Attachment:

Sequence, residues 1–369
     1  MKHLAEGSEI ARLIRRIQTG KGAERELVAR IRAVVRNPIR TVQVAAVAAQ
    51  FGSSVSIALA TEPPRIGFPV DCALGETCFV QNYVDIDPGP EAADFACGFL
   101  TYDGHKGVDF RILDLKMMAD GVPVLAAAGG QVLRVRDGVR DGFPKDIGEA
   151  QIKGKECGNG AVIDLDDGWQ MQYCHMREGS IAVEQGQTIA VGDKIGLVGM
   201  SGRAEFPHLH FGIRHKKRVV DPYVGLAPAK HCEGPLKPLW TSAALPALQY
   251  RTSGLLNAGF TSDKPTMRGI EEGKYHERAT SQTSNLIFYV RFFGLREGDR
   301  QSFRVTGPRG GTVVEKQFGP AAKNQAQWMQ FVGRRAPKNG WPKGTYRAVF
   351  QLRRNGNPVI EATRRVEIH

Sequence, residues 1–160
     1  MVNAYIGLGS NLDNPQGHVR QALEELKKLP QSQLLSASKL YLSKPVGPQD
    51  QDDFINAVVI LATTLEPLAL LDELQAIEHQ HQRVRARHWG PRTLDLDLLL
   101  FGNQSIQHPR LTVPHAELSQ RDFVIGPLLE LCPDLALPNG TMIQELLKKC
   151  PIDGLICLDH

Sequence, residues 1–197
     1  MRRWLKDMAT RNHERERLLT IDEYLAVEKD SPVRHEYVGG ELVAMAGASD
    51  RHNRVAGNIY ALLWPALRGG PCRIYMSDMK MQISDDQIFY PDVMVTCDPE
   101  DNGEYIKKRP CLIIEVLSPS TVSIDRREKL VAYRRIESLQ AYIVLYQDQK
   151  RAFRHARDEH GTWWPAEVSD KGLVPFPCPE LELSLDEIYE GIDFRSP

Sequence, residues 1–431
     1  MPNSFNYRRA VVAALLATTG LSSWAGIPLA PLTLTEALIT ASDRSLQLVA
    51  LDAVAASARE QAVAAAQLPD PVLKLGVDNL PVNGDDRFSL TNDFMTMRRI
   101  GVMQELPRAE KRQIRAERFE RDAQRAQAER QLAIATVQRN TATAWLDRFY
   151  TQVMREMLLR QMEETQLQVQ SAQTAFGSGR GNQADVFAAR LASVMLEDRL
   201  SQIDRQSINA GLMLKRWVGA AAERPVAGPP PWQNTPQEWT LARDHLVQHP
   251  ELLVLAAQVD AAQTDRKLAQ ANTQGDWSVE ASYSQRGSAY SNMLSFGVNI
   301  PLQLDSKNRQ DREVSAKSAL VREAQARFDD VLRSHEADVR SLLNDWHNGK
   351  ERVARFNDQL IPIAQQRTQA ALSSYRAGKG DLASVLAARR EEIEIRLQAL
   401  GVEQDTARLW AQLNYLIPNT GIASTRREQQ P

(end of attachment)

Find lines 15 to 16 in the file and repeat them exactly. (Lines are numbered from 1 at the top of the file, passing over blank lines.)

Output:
Sequence, residues 1–197
     1  MRRWLKDMAT RNHERERLLT IDEYLAVEKD SPVRHEYVGG ELVAMAGASD